In a case extensively covered by Asbestos Case Tracker, the Western District of Washington considered another defendant, Henry Company LLC’s, motion for summary judgment.

The seminal products liability case in Washington, Lockwood v. AC & S, Inc., enumerates seven factors to consider when “determining if there is sufficient evidence for a jury to find that causation has been established:”

  1. The plaintiff’s proximity to an asbestos product when the exposure occurred;
  2. The expanse of the work site where asbestos fibers were released;
  3. The extent of time the plaintiff was exposed to the product;
  4. The types of asbestos products to which plaintiff was exposed;
  5. The ways in which such products were handled and used;
  6. The tendency of such products to release asbestos fibers into the air depending on their form and the methods in which they were handled; and
  7. Other potential sources of the plaintiff’s injury; courts must consider evidenced presented as to medical causation.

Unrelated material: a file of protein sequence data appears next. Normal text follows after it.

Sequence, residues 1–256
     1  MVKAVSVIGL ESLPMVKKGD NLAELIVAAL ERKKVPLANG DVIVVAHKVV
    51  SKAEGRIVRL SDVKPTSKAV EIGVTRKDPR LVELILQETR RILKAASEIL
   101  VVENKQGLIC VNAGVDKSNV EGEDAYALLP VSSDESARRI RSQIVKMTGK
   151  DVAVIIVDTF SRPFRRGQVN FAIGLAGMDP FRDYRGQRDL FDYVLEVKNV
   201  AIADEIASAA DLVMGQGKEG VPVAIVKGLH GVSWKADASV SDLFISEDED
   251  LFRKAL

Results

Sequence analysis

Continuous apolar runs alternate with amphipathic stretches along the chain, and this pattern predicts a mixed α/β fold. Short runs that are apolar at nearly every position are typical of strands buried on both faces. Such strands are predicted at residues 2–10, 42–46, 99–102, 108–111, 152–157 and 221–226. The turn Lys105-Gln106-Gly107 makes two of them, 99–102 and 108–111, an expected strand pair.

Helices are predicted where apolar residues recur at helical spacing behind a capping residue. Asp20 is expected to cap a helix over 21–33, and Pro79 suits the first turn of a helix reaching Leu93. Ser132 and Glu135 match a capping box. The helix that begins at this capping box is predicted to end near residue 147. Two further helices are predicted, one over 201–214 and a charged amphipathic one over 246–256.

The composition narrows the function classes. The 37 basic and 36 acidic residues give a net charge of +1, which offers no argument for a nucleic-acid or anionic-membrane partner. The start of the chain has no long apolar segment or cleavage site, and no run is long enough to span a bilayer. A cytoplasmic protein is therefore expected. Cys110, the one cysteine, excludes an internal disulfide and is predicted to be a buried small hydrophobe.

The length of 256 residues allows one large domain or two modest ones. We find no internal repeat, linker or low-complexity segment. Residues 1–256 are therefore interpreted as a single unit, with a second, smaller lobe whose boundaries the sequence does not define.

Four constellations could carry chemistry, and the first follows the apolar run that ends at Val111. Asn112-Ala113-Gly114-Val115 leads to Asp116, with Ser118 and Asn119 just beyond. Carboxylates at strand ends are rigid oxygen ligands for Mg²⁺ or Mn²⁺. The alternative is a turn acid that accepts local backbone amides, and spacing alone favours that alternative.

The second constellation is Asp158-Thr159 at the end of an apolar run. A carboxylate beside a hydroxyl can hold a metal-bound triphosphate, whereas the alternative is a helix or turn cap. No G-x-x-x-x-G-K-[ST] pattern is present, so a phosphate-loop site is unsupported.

The court held the plaintiff “has offered no evidence establishing a reasonable connection between Decedent’s injury and death; products manufactured, sold, or supplied by Henry; Plaintiff has not offered evidence, even viewed in a light most favorable to Plaintiff, that Henry or products that it manufactured or produced caused Decedent’s injuries and death.” Therefore, the court cannot determine that there is sufficient evidence for a jury to find that causation—a necessary element of the plaintiff’s claim—has been asserted.

The court granted Henry’s motion.

Read the full decision here.